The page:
7 Things to Consider When Choosing the Right Pre-K For Your Child
By Bob Mills, Debbie Rowe, Gretchen Schaefer (EC faculty)
Children who are three or four years old often find the transition from home to school easier if the environment, curriculum, and adults are engaging. At its best, school can harness young children’s vast curiosity, receptivity, and energy while nurturing their love of learning and school.
There are many fine pre-K programs in Greater Portland. How do you know which program will be right for your child and your family?
Here are seven important things to look for as you visit preschools:
1. How well will the teachers know your child?
You know that students are happiest in classrooms where they are known. Find out whether parents are given a chance to check in during drop-off or pickup times. Check the class size and the number of other teachers who will come to know your child and your family during those crucial years. Learn what you can about the depth of the faculty’s experience and the average tenure of teachers in the program.
At Waynflete, teachers spend two years with their small, multiage classes. This enables them to provide the kind of individualized instruction and sense of belonging children need in order to learn. Time spent together during morning drop-off also gives teachers a chance to get to know families, providing a deeper understanding of each child’s and family’s needs and expectations.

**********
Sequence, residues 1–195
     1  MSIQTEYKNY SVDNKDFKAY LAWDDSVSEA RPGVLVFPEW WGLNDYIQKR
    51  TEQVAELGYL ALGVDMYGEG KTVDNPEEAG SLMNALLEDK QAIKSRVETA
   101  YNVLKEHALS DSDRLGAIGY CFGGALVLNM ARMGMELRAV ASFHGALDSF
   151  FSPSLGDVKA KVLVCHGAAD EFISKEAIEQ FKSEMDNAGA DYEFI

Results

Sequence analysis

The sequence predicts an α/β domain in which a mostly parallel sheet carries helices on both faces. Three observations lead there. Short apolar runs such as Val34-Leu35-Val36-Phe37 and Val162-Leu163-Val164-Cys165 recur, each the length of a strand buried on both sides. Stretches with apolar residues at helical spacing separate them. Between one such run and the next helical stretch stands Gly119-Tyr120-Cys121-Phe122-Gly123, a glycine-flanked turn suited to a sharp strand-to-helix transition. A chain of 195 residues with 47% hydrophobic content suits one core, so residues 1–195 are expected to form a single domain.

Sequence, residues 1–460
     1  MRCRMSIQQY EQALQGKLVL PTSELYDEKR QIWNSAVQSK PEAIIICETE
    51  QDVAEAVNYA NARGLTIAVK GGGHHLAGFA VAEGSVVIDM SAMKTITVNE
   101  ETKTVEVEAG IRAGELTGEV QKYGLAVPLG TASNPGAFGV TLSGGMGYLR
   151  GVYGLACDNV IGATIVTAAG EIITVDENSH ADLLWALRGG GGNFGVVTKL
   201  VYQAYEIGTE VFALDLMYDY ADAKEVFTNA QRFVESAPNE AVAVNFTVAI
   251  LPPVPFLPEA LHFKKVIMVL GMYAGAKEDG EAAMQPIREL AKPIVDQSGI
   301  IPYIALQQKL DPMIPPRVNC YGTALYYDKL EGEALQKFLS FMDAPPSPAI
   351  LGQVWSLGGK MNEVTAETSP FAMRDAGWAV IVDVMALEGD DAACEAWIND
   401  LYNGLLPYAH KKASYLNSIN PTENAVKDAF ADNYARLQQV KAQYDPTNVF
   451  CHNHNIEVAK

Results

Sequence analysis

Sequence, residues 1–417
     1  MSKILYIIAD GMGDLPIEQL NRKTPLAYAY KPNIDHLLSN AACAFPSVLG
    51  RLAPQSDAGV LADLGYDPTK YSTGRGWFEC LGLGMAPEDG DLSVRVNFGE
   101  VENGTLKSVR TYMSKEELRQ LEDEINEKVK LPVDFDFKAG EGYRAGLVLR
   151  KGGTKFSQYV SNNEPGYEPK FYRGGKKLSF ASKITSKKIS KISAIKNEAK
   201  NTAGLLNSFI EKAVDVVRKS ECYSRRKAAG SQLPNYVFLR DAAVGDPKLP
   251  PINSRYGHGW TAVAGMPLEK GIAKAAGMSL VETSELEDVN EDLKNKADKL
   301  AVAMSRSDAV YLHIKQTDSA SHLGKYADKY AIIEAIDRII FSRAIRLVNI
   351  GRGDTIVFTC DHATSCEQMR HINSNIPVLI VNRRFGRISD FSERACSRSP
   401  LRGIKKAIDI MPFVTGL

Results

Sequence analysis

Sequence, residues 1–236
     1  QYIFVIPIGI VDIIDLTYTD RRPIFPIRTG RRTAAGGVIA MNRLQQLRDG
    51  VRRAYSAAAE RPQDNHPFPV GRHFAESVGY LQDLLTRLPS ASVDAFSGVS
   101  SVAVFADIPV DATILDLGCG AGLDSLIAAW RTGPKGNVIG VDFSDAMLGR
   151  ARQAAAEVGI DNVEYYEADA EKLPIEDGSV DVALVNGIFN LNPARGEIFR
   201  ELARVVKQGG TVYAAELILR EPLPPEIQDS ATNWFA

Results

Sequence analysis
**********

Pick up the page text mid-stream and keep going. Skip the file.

2. Who will supervise your child during breaks?
See who supervises your child during daily play, snacks, and lunch. Check how frequently students go outside for recess or other less-structured activities.
Unstructured times are critical to a thoughtful social curriculum. Teachers help students positively interact with each other during these times of the day, especially when they are beginning to move beyond parallel play. Waynflete’s Lower School educators are with their students throughout the day, inside and outside the classroom. They know when to insert themselves in student interactions, and when it’s best to step back and let children navigate social situations.
Studies show that play that allows kids to negotiate their own rules with each other is as critical as sleep is to cognitive development. To provide opportunities for this kind of self-directed learning, our preschool classes have at least three outdoor recesses a day (weather permitting)—midmorning, before lunch, and midafternoon.
3. How do the teachers manage their classes?
Try to visit on a day when school is in session. Look carefully at how classes are being taught. Evaluate the kind of noise you hear in the classroom. How are teachers maintaining discipline? What role do students play in their own learning?
When it comes to classroom management, Waynflete teachers believe the ideal way to manage their classes is by providing engrossing curriculum that excites their students. Students are given a great deal of choice in what they study in preschool; most of the time, there is a steady hum of students actively engaged in what they’re learning. There are few “shushes” in the Lower School. Teachers and students ask for quiet by simply raising their hands.
4. How is the classroom set up?